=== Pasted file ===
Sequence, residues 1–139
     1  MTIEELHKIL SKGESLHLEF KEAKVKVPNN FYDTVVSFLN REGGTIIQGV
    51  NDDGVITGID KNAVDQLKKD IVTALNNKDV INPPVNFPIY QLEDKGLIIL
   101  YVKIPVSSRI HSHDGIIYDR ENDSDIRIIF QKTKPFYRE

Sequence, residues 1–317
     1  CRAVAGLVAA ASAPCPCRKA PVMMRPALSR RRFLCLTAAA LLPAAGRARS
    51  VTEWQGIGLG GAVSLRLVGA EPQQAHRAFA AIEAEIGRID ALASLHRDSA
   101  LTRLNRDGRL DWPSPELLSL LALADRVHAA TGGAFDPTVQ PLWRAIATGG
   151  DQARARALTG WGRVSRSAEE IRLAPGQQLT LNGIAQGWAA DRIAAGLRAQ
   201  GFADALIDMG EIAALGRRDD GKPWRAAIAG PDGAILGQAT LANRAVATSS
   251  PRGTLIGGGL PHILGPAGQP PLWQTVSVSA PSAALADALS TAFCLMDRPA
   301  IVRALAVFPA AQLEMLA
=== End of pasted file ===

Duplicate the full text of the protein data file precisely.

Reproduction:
Sequence, residues 1–139
     1  MTIEELHKIL SKGESLHLEF KEAKVKVPNN FYDTVVSFLN REGGTIIQGV
    51  NDDGVITGID KNAVDQLKKD IVTALNNKDV INPPVNFPIY QLEDKGLIIL
   101  YVKIPVSSRI HSHDGIIYDR ENDSDIRIIF QKTKPFYRE

Sequence, residues 1–317
     1  CRAVAGLVAA ASAPCPCRKA PVMMRPALSR RRFLCLTAAA LLPAAGRARS
    51  VTEWQGIGLG GAVSLRLVGA EPQQAHRAFA AIEAEIGRID ALASLHRDSA
   101  LTRLNRDGRL DWPSPELLSL LALADRVHAA TGGAFDPTVQ PLWRAIATGG
   151  DQARARALTG WGRVSRSAEE IRLAPGQQLT LNGIAQGWAA DRIAAGLRAQ
   201  GFADALIDMG EIAALGRRDD GKPWRAAIAG PDGAILGQAT LANRAVATSS
   251  PRGTLIGGGL PHILGPAGQP PLWQTVSVSA PSAALADALS TAFCLMDRPA
   301  IVRALAVFPA AQLEMLA